We’re heading into day four of the vote for Speaker of the House. As of this writing, Kevin McCarthy has lost eleven times. This morning, though, the media says there’s a framework of a deal. We’ll see, but if it happens, North Carolina Congressman Patrick McHenry will get a lot of credit. He’s been central to the negotiations with the GOP rebels and even suggested as an alternative to McCarthy.

For a lot of people, the negotiations are their introduction to McHenry. He’s generally kept his head down in recent years and become a mover behind the scenes. He also is the only Republican from North Carolina to have voted to certify the vote two years ago today. He should get credit for that stands. 

However, McHenry didn’t start his career as a level headed politician. He began as a firebrand and rebel himself. In the 2004 Republican primary to replace retiring Congressman Cass Ballenger, the GOP establishment had settled on a popular Catawba County sheriff. McHenry, a 29-year-old, one-term state house member, had different ideas. He put together an aggressive grassroots campaign that won by just 85 votes in a runoff, but his tactics ruffled some feathers and he sparred with the Republican establishment in the district for years afterward. 

Once he went to Congress, McHenry continued his aggressive demeanor. He became a favorite on cable news shows for bashing Democrats. He got into spats with Barney Frank when they served on the House Financial Services Committee. At one point, he called a Elizabeth Warren a liar for saying she had a scheduling agreement with his committee. When it turned out Warren was correct and McHenry wrong, he refused to apologize.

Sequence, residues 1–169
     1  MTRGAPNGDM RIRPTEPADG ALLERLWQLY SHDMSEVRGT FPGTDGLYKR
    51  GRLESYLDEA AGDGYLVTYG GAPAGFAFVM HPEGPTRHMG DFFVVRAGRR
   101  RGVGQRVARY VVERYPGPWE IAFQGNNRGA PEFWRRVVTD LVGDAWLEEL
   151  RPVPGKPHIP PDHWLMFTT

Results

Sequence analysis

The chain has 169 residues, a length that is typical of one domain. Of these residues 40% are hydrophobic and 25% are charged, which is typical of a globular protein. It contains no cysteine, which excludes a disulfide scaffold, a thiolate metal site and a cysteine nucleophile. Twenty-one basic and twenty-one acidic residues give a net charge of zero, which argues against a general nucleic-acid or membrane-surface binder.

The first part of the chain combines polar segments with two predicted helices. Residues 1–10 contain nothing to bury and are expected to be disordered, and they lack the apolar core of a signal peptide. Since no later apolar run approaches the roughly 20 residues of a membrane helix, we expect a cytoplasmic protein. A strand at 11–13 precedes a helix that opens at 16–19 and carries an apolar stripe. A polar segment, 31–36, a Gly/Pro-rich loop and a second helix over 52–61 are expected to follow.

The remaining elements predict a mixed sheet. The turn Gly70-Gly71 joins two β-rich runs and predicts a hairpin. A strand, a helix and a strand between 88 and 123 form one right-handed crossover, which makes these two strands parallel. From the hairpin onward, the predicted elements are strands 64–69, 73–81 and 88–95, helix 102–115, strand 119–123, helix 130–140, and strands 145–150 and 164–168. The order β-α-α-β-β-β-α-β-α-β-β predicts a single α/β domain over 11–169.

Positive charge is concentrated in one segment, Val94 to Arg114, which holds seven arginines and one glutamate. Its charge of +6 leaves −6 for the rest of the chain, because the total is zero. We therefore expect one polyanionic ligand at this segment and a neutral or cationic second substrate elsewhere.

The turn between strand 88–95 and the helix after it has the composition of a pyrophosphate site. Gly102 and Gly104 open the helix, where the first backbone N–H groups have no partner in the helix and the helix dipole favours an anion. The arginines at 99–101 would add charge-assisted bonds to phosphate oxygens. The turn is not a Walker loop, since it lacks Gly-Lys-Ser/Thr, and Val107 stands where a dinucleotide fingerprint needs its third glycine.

After the Warren episode, McHenry started to fade into the background. He had less public disputes and he mostly disappeared from the cable news circuit. I suspect somebody in the GOP caucus warned him that he was less effective as bomb thrower and could gather more power as a dealmaker. 

Since then, McHenry has moved up into leadership roles. He became chief deputy whip under Steve Scalise in the wake of the 2014 Republican wave. He’s been ranking member of the Financial Services Committee and will its chair if a speaker is ever determined. 

McHenry could come out of the Speaker battle with more power within the Republican caucus. While he’s now a McCarthy lieutenant, he started his career like the rabble-rousers he’s trying to corral. He clearly understands their mindset and he also knows how to play the inside game. He could end up a winner regardless of who ends up Speaker.

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